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Missionary Who Came Home Early Twice Talks Danger of Comparisons, Guilt

In 2015, I wrote about Logan Groll of Winchester, Virginia, who came home from his mission early—twice.

His first return came after a challenging stint in the Mission Training Center where POCD (Purely Obsessive Compulsive Disorder) constantly threatened to drown out the Spirit and made it difficult to keep pace.

After six months back home learning to manage his mental health, he began a new adventure in the Washington Spokane Mission. He was universally viewed as a marvelous missionary and a cherished companion.

Unfortunately, Groll’s mental health struggles never really slept, and neither did he. Five years ago this week, after giving every drop of physical and spiritual energy, he returned home again—for good.

Questions raged in Groll’s restless mind.

“What will people think?”

“Will the stigma follow me like some kind of hard-to-describe religious odor?”

“Are my lifelong dreams in jeopardy?”

Five years later, only the last question matters. And Groll might give you a longer answer if he only had the time.

Today Groll is anxiously engaged in good works. He’s a writer and full-time student at Brigham Young University in Provo, Utah. He’s also married to the love of his life—Sydney Walton Groll. They were married in the Washington D.C. Temple in 2016.

Those haunting questions he smuggled home in his luggage from the mission field? Faded memories.

“To be honest, when I first came home, I struggled,” Groll said. “I compared myself to others as someone physically impaired might compare themselves to a competitive runner. I expected myself to run as fast as them, which was clearly impossible because of my illness. I came home with the feeling that if I had been a little stronger, a little more trained, I would've made it. But a couple of months later, I came to the realization that I was being absurd! Even with the best physical training, someone with bad legs is still impaired, and even with months of therapy, with all my triggers a mission would've been impossible to complete in good health. And it’s okay.”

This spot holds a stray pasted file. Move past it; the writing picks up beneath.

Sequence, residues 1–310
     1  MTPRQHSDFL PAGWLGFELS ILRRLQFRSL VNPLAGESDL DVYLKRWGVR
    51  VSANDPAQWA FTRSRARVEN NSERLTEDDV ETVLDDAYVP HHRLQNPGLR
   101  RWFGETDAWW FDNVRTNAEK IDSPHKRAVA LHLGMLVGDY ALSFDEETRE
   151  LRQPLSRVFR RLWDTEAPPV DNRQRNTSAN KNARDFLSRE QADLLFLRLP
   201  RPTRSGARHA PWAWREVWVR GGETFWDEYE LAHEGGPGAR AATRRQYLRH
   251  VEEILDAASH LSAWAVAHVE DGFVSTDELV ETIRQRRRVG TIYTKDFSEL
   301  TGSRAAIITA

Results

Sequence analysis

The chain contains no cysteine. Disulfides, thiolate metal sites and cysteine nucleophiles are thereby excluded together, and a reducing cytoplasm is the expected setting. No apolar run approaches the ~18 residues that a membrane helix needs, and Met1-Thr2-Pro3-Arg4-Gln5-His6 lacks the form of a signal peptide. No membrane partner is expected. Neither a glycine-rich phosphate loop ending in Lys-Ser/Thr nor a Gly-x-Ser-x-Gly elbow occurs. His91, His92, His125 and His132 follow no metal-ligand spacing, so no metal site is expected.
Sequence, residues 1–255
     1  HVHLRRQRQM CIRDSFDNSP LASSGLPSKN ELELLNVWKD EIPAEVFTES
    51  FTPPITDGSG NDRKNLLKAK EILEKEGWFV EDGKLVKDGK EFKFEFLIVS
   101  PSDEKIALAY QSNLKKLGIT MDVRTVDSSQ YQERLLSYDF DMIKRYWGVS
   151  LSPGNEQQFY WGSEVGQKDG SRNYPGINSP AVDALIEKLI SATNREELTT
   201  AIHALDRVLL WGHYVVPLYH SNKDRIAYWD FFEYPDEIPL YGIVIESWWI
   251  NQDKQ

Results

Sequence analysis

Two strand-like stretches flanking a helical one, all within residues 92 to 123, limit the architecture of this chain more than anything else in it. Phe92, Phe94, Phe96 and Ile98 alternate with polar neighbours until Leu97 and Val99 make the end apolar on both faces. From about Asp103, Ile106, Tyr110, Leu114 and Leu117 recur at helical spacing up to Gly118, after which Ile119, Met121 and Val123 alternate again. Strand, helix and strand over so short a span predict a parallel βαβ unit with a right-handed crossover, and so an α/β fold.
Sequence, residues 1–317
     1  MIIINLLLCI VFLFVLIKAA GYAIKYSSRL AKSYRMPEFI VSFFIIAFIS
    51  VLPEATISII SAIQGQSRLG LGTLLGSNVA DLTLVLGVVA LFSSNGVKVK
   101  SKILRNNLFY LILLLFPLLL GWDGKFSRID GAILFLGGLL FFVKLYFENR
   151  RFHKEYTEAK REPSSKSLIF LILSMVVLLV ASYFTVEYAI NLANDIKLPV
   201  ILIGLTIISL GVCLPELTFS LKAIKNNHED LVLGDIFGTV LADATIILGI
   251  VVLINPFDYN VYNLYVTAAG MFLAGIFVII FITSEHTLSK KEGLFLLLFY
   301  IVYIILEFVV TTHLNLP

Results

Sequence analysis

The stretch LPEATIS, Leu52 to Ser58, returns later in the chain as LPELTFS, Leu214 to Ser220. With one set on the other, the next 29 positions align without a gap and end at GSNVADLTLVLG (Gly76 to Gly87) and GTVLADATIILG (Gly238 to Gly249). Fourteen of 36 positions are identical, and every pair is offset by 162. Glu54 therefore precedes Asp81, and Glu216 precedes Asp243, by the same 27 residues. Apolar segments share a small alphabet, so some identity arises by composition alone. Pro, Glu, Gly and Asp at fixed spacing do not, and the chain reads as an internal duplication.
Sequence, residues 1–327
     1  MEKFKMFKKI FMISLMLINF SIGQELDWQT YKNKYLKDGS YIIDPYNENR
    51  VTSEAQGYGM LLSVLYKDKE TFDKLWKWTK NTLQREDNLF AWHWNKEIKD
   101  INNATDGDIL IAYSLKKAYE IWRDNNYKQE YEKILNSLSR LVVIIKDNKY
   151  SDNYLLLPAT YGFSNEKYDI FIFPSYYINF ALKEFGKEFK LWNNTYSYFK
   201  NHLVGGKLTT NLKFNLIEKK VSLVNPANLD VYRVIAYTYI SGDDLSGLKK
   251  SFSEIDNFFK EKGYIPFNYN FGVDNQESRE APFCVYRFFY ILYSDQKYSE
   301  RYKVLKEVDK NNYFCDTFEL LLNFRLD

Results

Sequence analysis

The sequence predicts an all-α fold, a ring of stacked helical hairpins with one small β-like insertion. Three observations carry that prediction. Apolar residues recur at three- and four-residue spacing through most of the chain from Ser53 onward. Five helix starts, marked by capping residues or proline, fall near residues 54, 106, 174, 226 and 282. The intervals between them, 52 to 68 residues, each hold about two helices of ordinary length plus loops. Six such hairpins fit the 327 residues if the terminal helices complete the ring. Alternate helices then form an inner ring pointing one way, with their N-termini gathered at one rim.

Groll was grateful to marry someone who was much more concerned with his desire to attend the temple and his willingness to serve the Lord than how many months he served. “Syd wanted to marry a worthy man who was willing to try hard things. No, I didn’t serve a traditional two-year mission. But I did take the woman I love to the temple.”

How is Groll’s mental health five years after returning home? “It's a struggle!” Groll said without a trace of shame. “But I'm not dealing with it on a daily basis in the same way I was on my mission. In times of stress, I still have it flare up. It's never going to go away, but that's all right. I've learned to embrace it as a blessing. I like to think of it as anyone who has overcome a stutter. He or she has to work extra hard to pronounce words, speak slowly, taking time and speaking with confidence. In doing this hard work, their words become clearer than most, their pronunciation exact and their speech powerful.”

Groll seeks out opportunities to speak to other early returned missionaries. “I want them to never lose faith that they can do great things. Even if you never fully overcome your health or other challenges, the Lord will help you cope, find joy, and contribute. I think the Lord gave us these trials as a gift, not a curse. If you believe that, your entire mindset will change. I promise you will have the confidence to live your life to the fullest potential.”

And that’s exactly what Groll is doing five years after his second return home. Like so many others who’ve lived a similar journey, he’s living his best life. He’s discovered that taking off your black missionary tag after 3, 6, 18, or 24 months of honorable service makes no difference.

It’s not about the tag. It’s about the heart beneath it.


Lead image courtesy of Logan Groll.
Christmas doll cover

Jason F. Wright

Jason F. Wright is a New York Times bestselling author, columnist, and speaker. His inspiring new book, The Christmas Doll, is based on a real-life childhood story of a treasured doll owned by a girl raised in poverty in the 1940s who went on to become a billionaire businesswoman and owner of the NBA Utah Jazz, Gail Saxton Miller. Read more of Jason's uplifting writing in The Seventeen Second Miracle and Courage to Be Youwhich details Gail Miller's fascinating story of growing faith, overcoming grief, and finding the courage to share her own voice. Subscribe to his weekly columns, join him on Facebook, and follow him on Twitter.

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